In Nelson's Wake: A History of the Navy in the Napoleonic Wars 1803-1815 by James Davy. This is a general analysis of the British navy in the time period. It covers military, social and political roles of the navy in the period. Some of its parts explore less covered theatres and events in the Napoleonic Wars such as prisoners of war and the naval war in more obscure places like the Adriatic or the Indian Ocean. It is easy to understand and is good for both novices and experienced Napoleonic historians alike as it offers some interesting viewpoints and obscure information such as statistics on the British and French economies and individuals who are largely forgotten by most people.
The Forgotten War Against Napoleon: Conflict in the Mediterranean 1793-1815 by Gareth Glover. The title of the book pretty much says what it is. Admittedly I haven't finished it just yet however it is well written, some casualty statistics for certain battles conflict with other sources however it is, so far a decent study of the theatre in the Mediterranean.
Royal Navy: 1793-1815 and the Nile 1798: Nelson's First Great Victory by Gregory Fremont-Barnes. The Nile book is one of the best books on the campaign I could find along with Oliver Warner's book on it. It is relatively short at just 98 pages so if you don't have time for a 300-400 page book or just want to read on the Nile campaign this is a good book.
The First World War by John Keegan A great single volume account of the Great War.
- The Third reich Trilogy, by Richard J. Evans (consisting of the titles: "the coming of the Third reich, The Third reich in Power, The Third reich at War): A brilliant overview of the history of Nazy Germany, going back to the very first influences for Nazism until the fall of Hitler. Well written and very clear
- Battle cry of Freedom, James McPherson: a perfectly detailed one-volume history of the American civil War and it's causesIt's main strength is that it actually spends a lot of time explaining the economic reasons and situations that lead up to the war, instead of just limiting itself to the war itself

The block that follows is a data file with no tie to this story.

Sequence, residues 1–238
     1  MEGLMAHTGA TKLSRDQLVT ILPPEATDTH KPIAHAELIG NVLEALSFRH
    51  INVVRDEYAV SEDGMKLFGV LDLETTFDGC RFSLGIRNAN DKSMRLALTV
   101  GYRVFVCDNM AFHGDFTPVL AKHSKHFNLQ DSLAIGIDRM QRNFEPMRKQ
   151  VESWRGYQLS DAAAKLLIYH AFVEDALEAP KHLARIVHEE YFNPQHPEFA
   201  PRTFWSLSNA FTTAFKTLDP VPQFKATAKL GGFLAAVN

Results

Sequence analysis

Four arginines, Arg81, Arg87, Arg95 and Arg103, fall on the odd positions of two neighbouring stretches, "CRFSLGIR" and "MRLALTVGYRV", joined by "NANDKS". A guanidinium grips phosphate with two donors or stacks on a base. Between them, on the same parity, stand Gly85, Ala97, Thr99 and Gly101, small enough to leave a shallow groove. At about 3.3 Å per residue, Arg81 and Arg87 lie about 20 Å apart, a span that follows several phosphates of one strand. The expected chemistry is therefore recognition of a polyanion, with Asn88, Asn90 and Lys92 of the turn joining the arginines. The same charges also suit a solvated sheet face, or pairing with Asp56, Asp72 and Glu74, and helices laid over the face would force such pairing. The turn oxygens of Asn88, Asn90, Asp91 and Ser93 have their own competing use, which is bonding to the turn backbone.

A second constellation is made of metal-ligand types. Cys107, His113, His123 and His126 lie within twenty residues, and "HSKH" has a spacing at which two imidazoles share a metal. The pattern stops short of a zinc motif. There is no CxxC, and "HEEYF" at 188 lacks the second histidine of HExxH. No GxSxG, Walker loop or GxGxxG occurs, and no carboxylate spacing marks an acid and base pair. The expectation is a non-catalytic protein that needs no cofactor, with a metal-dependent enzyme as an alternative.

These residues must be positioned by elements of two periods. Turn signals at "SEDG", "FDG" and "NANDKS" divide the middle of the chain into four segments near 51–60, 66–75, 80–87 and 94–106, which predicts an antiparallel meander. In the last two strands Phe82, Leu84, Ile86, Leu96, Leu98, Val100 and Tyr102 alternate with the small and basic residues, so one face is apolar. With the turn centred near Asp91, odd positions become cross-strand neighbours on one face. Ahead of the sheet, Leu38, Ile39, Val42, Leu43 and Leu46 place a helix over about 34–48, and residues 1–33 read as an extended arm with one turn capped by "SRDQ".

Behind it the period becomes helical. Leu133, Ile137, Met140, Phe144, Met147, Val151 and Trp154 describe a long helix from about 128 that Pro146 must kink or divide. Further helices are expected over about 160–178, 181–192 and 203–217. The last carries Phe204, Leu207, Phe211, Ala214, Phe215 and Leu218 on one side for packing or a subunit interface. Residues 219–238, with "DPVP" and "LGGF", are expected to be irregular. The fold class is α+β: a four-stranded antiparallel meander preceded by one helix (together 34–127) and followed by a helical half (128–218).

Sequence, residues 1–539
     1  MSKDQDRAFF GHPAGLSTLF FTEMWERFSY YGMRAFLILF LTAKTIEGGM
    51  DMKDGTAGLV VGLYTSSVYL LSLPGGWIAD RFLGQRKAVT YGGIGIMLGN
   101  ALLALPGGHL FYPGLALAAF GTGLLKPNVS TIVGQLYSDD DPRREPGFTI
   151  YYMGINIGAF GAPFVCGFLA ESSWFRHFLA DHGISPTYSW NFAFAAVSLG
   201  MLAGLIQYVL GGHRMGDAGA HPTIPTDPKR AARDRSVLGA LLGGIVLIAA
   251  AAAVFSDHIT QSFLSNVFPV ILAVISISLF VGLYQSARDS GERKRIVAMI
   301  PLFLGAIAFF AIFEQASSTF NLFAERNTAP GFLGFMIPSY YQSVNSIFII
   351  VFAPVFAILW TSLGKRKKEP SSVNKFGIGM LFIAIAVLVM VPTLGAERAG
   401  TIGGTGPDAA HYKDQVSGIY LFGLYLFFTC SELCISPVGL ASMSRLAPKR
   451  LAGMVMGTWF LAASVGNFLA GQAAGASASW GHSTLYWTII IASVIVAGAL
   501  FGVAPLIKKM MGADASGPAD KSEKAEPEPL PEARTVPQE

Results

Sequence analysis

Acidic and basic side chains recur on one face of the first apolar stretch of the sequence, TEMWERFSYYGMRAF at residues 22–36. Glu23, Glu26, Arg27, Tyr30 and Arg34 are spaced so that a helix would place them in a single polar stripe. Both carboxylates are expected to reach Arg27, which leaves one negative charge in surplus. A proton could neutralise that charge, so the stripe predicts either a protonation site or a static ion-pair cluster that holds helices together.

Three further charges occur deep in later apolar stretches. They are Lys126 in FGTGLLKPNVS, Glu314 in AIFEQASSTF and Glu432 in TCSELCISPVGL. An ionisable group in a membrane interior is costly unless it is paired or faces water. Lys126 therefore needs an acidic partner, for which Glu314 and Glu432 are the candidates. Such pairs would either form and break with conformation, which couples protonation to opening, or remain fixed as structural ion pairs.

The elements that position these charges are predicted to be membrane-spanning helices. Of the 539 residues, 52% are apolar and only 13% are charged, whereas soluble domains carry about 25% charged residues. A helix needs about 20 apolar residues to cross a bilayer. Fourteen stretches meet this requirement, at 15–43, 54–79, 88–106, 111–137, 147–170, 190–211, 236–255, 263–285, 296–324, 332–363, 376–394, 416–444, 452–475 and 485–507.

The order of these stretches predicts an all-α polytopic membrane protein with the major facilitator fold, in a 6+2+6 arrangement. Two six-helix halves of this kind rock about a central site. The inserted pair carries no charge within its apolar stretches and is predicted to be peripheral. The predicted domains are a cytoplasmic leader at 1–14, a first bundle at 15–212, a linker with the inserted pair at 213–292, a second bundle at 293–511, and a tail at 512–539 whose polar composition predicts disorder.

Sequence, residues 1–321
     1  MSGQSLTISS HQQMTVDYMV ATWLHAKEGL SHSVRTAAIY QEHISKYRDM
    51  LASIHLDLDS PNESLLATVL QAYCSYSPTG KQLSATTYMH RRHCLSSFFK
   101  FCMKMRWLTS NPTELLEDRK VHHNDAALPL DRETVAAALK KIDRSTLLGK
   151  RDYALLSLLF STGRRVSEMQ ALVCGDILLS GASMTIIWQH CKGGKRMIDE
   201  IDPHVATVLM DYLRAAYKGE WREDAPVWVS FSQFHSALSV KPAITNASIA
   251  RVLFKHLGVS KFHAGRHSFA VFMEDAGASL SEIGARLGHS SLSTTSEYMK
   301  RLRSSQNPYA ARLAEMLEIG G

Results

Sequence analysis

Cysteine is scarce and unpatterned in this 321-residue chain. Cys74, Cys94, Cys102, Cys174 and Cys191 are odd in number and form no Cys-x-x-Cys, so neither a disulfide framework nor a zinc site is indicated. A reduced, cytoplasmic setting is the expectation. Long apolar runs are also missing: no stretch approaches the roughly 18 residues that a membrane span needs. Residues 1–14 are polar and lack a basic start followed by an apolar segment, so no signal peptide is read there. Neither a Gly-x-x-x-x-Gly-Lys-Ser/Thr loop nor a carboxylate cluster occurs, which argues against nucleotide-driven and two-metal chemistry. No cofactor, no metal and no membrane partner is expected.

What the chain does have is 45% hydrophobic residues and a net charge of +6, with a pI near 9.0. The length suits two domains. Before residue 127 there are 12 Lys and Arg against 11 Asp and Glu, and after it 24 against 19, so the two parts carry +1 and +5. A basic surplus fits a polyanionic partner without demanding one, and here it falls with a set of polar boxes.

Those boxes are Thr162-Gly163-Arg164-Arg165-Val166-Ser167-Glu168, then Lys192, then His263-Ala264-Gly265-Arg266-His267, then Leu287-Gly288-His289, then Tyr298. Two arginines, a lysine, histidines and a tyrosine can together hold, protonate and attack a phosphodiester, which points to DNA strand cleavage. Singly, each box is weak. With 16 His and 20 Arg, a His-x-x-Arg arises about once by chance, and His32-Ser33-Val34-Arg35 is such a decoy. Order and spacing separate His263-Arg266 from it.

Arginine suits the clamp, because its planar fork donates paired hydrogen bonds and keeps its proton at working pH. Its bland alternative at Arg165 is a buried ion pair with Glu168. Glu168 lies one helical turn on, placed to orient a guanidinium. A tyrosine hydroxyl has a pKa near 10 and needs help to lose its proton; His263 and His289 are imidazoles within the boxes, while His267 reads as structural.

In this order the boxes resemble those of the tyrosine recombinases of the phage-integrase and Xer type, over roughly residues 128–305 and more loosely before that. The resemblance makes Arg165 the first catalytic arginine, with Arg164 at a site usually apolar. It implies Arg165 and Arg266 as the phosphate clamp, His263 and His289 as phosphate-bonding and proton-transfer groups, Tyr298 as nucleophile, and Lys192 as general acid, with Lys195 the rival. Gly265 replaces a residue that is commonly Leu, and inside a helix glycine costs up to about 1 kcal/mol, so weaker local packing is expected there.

- 1776, David McCullough: this one was recommended to me by TJAdams, a valued member of this forum who is now sadly deceased. A very good overview of the American War of Independence; It might not be the best read if you know already a lot about the subject, but it provides a very good starting point on the subject.
- The War of Wars: the Great European Conflict 1793-1815, by Robert Harvey: A well written overview of the Napoleonic era, written in a non-pedantic and engaging way.
Aurelian and the Third Century by Alaric Watson is a fascinating and fairly short book about the Roman Empire in the 260s and 270s, a time of troubles. It is about the military, political and economic crises of the period, and how the emperor Aurelian, an officer-turned-emperor, sought to fix the empire's problems with great energy, originality and military skill.
You might compare with "The Fate of Rome", a recent book which considers the latest evidence on health and disease during the whole period of the Roman and Byzantine empires; it focuses on repeated, serious, depopulating, plague epidemics.